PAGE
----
The thing about the last 1000 words or so is that you can’t wait to be done. You want to cash in your chips and call it close enough. But that word count validator is a binary thing: you either have the 1000 words or you don’t.
NaNoWriMo is a feat of strength more than anything skill-based. It’s a test and exercise of will power, and an opportunity to find out what you’re willing to give up in order to stick to this arbitrary goal. I do it to maybe find a new story to tell, but mostly I do it to teach myself how to just do it. Can it be that writing is more practice than actual performance? Surely, as it is the same with playing a musical instrument. Many thousands of words and hours go into learning how to write, and streamlining the story, and even hitting the keys quicker so that when the story is unspooling as fast as a dropped spool of thread bouncing and rolling across a hardwood floor, you can keep up with it and get it all down. (I’m still working on writing analogy—need a lot more practice there!)
I would be remiss if I didn’t thank you for being patient with me while I went through this intensive training period again this year. Patient while you listened to me spout off about what I was writing or the writing process. Patient while you waited for another blog post to show up (if you’re one of those two people who prefer not to use RSS feed readers). Patient while I stressed out and whined about being behind on my word count, which I was the entire month until the end. I tried not to sound like I wasn’t enjoying it. Sometimes it helps to recognize that it is hard even if I am pretty sure I’m going to finish successfully.
I’m excited that it’s about to be over for another year, though, just as soon as I compose 600 more words in some medium or another. I’m not a stickler for all 50,000 of my words being part of the same story arc. As long as they are part of composed sentences that took some thought and effort to produce, I’m cool with counting them. This year among my 50,000 words are a little bit of poetry, a Christmas newsletter I may or may not send out once I have time, and this blog post. In the past I have even counted long emails if they were written to convey ideas requiring more thought that reporting on the status of the weather. The only downside to putting forth effort to write long emails and Christmas newsletters and blog posts during NaNoWriMo is that I have to turn the inner editor back on a least a little bit for the sake of the reader of that particular set of words. For the bulk of the story writing for NaNoWriMo, the inner editor only gets nominal input while the words are spurting forth from my fingertips onto the screen (if I haven’t finished the sentence yet, sometimes I’ll allow myself to change a few of the words or backspace it entirely).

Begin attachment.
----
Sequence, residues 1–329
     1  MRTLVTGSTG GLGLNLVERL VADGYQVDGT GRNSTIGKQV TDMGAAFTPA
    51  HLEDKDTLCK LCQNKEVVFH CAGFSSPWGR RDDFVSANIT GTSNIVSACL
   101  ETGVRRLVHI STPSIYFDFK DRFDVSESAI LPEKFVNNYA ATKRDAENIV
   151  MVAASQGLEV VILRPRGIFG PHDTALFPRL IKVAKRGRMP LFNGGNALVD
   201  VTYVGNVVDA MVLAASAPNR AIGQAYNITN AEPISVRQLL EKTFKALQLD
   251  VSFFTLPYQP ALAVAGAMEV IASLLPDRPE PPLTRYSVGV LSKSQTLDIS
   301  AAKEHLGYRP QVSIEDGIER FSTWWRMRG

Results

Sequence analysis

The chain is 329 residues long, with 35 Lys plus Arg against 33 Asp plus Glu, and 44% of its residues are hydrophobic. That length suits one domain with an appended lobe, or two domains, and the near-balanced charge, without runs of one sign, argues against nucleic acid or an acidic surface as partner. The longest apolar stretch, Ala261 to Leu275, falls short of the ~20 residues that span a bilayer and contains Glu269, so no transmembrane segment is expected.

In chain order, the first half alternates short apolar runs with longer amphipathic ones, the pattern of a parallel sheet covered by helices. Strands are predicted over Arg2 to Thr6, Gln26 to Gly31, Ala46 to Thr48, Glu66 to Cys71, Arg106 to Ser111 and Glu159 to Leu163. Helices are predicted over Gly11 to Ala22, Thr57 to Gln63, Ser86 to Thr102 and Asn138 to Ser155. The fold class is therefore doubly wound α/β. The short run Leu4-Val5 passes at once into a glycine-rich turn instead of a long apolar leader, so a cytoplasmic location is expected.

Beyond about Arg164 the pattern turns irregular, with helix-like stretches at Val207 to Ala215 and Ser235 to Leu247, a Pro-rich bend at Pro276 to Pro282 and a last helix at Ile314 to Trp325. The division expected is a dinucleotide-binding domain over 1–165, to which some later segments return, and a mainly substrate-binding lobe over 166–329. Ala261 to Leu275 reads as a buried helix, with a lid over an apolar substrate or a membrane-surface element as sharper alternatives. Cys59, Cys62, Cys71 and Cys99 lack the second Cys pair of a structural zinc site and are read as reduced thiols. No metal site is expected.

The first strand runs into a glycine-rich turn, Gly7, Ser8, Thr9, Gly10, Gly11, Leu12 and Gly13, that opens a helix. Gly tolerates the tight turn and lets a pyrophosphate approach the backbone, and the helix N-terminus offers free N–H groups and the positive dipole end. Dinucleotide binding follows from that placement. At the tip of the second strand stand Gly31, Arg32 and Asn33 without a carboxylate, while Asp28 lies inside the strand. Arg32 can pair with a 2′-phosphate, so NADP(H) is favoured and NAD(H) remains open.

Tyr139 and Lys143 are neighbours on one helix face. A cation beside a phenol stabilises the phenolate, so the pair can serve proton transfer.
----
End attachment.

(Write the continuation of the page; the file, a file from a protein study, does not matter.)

I’ve still got just under 400 more words to go and it would feel abusive to my readership if I rambled on just to get the word count. So I’ll try to come up with a little story. Forgive me if I end mid-sentence, though, because when I reach 50,000 words I’m likely going to stop and have a little dance break. If you want to join along when I get there, I’m planning on playing They Might Be Giants’s Dr. Worm, or maybe Weezer’s My Name is Jonas. Oh, or maybe some Adele because I’ve fallen under her spell again. Anyway, I said I wouldn’t ramble so here goes:
“If I get hit by a bus, I just want you to be able to figure out how to run the timesheet reports. That’s why I’m explaining this to you now,” Michelle said, closing a file on her computer and folding her hands together on her desk. “Does that make sense?”
“If you get hit by a bus, I don’t think anybody will care about the timesheet reports because we’ll be too busy mourning your tragic death,” I said.
“Wow, I didn’t say the bus was going to kill me,” she said. “I just meant if I wasn’t in to work for a while, somebody should know how to do this.”
I was pretty sure the odds of getting hit by a bus and living to run the timesheet reports again in the future were pretty small, but I let it slide by saying, “Okay, thanks. Let’s hope I never have to run it without you.”
“Come on, it’s not that bad. You just have to make sure you deselect “Other” first, and then type everybody’s names in correctly before hitting the ‘compile’ button. It only takes about 30 minutes for it to run. You can do it,” Michelle said, going through the motions on her computer again.
I sighed. “It’s not that it seems hard, I’m just saying, I hope I don’t have to do it because I hope you’re not incapacitated, decapitated, or otherwise unable to do it yourself.”
Michelle frowned, “Thanks, I guess, but you don’t have to be so morbid about it.”
Gah!! Here’s the thing about NaNoWriMo and word counts: every program counts words differently. I’m not sure what the nuances are, I just know that when I went to validate my text on the official NaNoWriMo website, it said I needed 97 more words. I knew this, see, so I wrote until I had 50,104 words in my writing program, figuring it would cover me, but when I exported it to Word, I only had 49,922 words, and when I pasted it into the official word count validator website for NaNaWriMo, I only had 49,903! The algorithms are apparently grossly different! But, never fear, this paragraph will seal the deal. :)